Toronto police to start using "body worn cameras": chief

Dec 21 2019, 12:03 pm

Toronto Police Service will be adding a new piece of equipment to their arsenal in the new year, in the form of body-worn cameras.

Police Chief Mark Saunders gave his end of the year press conference on Friday, where he outlined his department’s achievements and challenges over the past year, as well as plans for the future.

Among the litany of coming initiatives and self-congratulations for, among other things, catching serial killer Bruce McArthur; making hundreds of arrests for “gun, gang, and drug activity;” and a completing a gun buyback program, he dedicated a couple of sentences to the fact that the service would be equipping officers with “body-worn cameras” by the end of the coming year.

“I’m looking at, by the end of next year, body-worn cameras coming into play,” he said during the conference. “I think those are things that are all necessary if we’re going to get it right for building the trust and accountability.”

Also at the conference, Saunders reiterated that the service is looking for new hires to deal with an increase in calls to police, as well as the need to educate the public on what types of situations require a call to 9-1-1.

A large portion of his words to the public also focused on the need to build stronger relationships within the city’s communities to combat gun and gang violence.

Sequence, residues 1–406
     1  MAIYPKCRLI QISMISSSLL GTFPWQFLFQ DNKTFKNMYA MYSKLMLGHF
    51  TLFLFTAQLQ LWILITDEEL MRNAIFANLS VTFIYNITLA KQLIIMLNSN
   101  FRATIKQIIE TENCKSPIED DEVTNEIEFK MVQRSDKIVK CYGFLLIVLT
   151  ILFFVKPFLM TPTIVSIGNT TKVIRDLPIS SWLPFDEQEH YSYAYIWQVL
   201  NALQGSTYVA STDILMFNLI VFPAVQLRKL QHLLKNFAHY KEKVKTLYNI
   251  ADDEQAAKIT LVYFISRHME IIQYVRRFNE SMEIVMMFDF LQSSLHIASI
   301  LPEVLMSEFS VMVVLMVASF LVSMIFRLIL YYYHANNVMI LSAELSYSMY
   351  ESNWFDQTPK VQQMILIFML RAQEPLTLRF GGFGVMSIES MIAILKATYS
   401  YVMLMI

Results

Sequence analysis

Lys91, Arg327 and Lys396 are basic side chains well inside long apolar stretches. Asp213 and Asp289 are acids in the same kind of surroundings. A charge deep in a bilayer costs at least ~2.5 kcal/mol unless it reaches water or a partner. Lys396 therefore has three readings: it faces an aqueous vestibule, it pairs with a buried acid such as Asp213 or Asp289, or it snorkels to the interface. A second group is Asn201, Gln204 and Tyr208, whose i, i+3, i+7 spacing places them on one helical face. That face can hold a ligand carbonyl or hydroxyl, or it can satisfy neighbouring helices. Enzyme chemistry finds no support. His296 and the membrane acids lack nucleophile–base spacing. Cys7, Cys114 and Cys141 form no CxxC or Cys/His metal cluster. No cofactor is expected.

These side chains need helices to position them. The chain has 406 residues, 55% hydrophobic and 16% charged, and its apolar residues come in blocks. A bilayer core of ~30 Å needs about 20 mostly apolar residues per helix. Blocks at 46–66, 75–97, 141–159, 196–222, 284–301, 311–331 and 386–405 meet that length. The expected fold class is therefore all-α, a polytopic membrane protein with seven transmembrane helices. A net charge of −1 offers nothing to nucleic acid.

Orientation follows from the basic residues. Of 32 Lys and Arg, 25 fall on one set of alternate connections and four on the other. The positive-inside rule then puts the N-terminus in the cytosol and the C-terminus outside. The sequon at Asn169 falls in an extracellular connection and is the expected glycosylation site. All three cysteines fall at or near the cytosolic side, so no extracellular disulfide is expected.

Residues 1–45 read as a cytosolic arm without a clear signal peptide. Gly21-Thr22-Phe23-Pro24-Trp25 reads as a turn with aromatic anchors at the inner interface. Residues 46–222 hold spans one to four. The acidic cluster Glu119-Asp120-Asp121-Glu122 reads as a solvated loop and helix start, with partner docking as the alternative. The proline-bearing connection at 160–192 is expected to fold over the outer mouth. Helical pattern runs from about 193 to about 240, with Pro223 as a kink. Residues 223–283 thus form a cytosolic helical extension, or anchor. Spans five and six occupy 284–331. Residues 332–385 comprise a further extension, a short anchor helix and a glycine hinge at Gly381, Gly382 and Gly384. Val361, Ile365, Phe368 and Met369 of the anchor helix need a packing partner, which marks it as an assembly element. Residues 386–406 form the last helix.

“We have to develop stronger community relationships with all segments of our community if we’re going to get it right. We know and we’ve seen results whenever we work in partnership with the communities we have more sustainable solutions. The enforcement piece plays an important part.

“I’m not here to say softer policing, I’m here to say smarter policing.”

Accountability has been an increasingly discussed topic for the TPS.

On Wednesday, police announced that starting in January, officers will collect race-based data “based on their own perception,” on all people subject to physical strip searches and use of force incidents. The new program is intended to “identify, monitor, and eliminate potential systemic racism within the service,” according to a press release.

A newly formed Community Advisory Group has been assembled to report on findings in the collected data and set benchmarks for police.